Dill is a culinary herb that has a distinctive flavor that's a cross between celery and fennel. Native to Europe and Asia, dill plays a big role in seasoning pickled foods meant to be canned and stored for winter. Beyond that, both dill's leaves and seeds are used to season a variety of dishes.
Although delicate looking, dill is actually a fairly cold-hardy plant. It's best started in early spring after the chance of frost has passed, and it will grow quickly, with seedlings appearing in around ten days. Mature plants are multi-branched and upright, with finely-dissected leaves and wide, flat flowers that can make the plant top-heavy and cause it to bend over. The entire plant is extremely fragrant—the leaves and seeds are most commonly thought of as seasonings, but the flowers are also edible.
|Botanical Name||Anethum graveolens|
|Mature Size||3–5 ft. tall, 2–3 ft. wide|
|Sun Exposure||Full sun|
|Soil Type||Rich, well-drained|
|Bloom Time||Late summer, early fall|
|Hardiness Zones||2–11 (USDA)|
|Native Area||Europe, Asia|
Dill is an essential plant for culinary-minded gardeners. You can harvest the leaves at any time, though dill generally blooms about eight weeks after sowing. Once the flowers develop, the plants stop producing foliage and focus on seed development. To extend your dill season, plan to succession plant it every two to four weeks. In addition, the feathery foliage can be quite ornamental, which makes it a nice addition to flower beds, where it will attract pollinators and butterflies. It blends well with other plants, whether used as foliage or for a bright spot of color—just be sure to keep its self-sowing habit in check.
Dill leaves can be harvested at any time, and seeds should be harvested as they begin to turn brown. Keep a close watch, or they’ll disperse on their own. They can be used fresh or stored in the refrigerator for two to three weeks. Dill can also be frozen or dried, for later use on potatoes, bread, salmon, and other fish, as well as lamb and many vegetables, including peas, beets, and asparagus.
Plant your dill in a spot that gets full sunlight for at least six to eight hours a day. If you live in an especially hot climate during the summer, a bit of afternoon shade is fine and appreciated.
Dill plants prefer soil that is rich, loose, and well-draining. Dill is not particular about its soil pH, but thrives best in a slightly acidic blend. Keep in mind, dill plants have a taproot (a central dominant root from which smaller roots spring), so compacted soil could be a problem. Since dill can self-sow, it's important you either plant it in a spot where it’s allowed to roam or harvest it all before it goes to seed.
Keep your dill plant consistently moist at all times, without allowing the soil to become boggy or soaked. The soil should never be allowed to dry out completely between waterings, as that can cause the plant to prematurely bolt to seed.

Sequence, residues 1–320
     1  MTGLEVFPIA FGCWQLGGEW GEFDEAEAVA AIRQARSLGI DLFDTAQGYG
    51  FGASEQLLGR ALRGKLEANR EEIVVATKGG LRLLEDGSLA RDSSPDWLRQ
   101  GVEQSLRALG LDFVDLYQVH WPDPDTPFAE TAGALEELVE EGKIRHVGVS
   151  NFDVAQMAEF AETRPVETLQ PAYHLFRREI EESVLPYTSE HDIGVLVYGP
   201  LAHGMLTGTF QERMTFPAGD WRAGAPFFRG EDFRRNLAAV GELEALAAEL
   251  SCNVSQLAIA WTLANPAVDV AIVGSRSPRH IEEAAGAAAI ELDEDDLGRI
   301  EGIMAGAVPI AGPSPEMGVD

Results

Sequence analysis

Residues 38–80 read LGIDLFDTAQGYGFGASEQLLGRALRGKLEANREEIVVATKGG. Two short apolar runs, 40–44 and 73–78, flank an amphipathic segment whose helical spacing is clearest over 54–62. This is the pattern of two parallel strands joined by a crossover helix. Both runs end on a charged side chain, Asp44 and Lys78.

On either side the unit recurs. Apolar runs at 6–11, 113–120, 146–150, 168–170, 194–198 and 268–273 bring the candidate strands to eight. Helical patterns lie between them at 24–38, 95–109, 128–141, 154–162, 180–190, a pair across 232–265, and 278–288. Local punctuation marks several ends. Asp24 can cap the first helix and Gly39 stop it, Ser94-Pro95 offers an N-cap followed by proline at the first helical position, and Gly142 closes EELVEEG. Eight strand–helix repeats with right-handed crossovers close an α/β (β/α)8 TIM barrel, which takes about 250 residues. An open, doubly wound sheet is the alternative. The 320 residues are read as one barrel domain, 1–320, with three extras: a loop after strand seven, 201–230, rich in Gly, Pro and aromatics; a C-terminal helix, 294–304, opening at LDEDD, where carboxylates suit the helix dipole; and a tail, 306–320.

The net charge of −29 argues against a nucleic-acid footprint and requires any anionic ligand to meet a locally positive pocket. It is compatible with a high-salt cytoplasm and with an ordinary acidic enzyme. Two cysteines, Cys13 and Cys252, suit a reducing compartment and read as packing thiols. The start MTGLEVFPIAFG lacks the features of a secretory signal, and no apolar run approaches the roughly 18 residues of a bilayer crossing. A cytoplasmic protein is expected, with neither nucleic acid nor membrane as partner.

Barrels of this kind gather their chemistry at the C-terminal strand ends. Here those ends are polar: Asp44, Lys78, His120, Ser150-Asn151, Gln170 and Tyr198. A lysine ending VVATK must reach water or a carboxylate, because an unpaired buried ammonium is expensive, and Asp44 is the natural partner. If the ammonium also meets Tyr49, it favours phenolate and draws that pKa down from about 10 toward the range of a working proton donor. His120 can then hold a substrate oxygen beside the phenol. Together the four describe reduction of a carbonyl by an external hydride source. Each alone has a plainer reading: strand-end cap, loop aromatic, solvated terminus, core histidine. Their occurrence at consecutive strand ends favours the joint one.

Temperature and Humidity
Dill plants are very cold-hardy and can tolerate temperatures that dip as low as 25 degrees Fahrenheit. That being said, the optimal temperature for your dill plant is when the soil is around 70 degrees Fahrenheit, which will happen during the late spring and summer in most USDA hardiness zones. Additionally, dill has no special humidity requirements.
If your garden soil is rich in organic matter, your dill should require no additional fertilizer. Keeping the soil slightly lean will produce more aromatic plants.
There are several different types of dill, including "dwarf" varieties that are better suited to container gardening. Some common varietals include:
- 'Dukat': A standard varietal, it is popular for its abundant leaves.
- 'Fernleaf': A dwarf variety (less than 18 inches), it's ideal for containers.
- 'Long Island Mammoth': This variety is most commonly grown commercially and is good for harvesting both seeds and leaves.
- 'Mammoth': An especially tall varietal (36 inches or more), this plant has attractive, finely cut leaves.
How to Grow Dill From Seed
Direct sow your dill seeds around the same time as your last expected frost date or start the seeds indoors about four to six weeks prior to planting outdoors. Don’t wait too long to transplant, since dill's taproot system means they're unhappy in small pots.
Plant the seedlings about 1/4 inch deep, spacing them out about 6 to 8 inches from one another. You will probably need to thin your plant as they grow, around the time they reach about 6 inches high. Additionally, dill responds well to pinching out the growing tip—it will make for a bushier plant, so pinch and use your dill often.
Don’t be alarmed if you see caterpillars eating your dill. It is probably a black swallowtail caterpillar—dill is a favorite food of theirs, along with other members of the carrot family. The caterpillars won’t stay long, so instead of fighting to rid your garden of them, just plant some extras to share.
Otherwise, dill is virtually problem-free. In fact, it attracts beneficial insects to your garden—lacewings and syrphid flies will feed on the plant's pollen and lay their eggs nearby, and their larvae, in turn, feed on aphids, which can cause problems for many plants.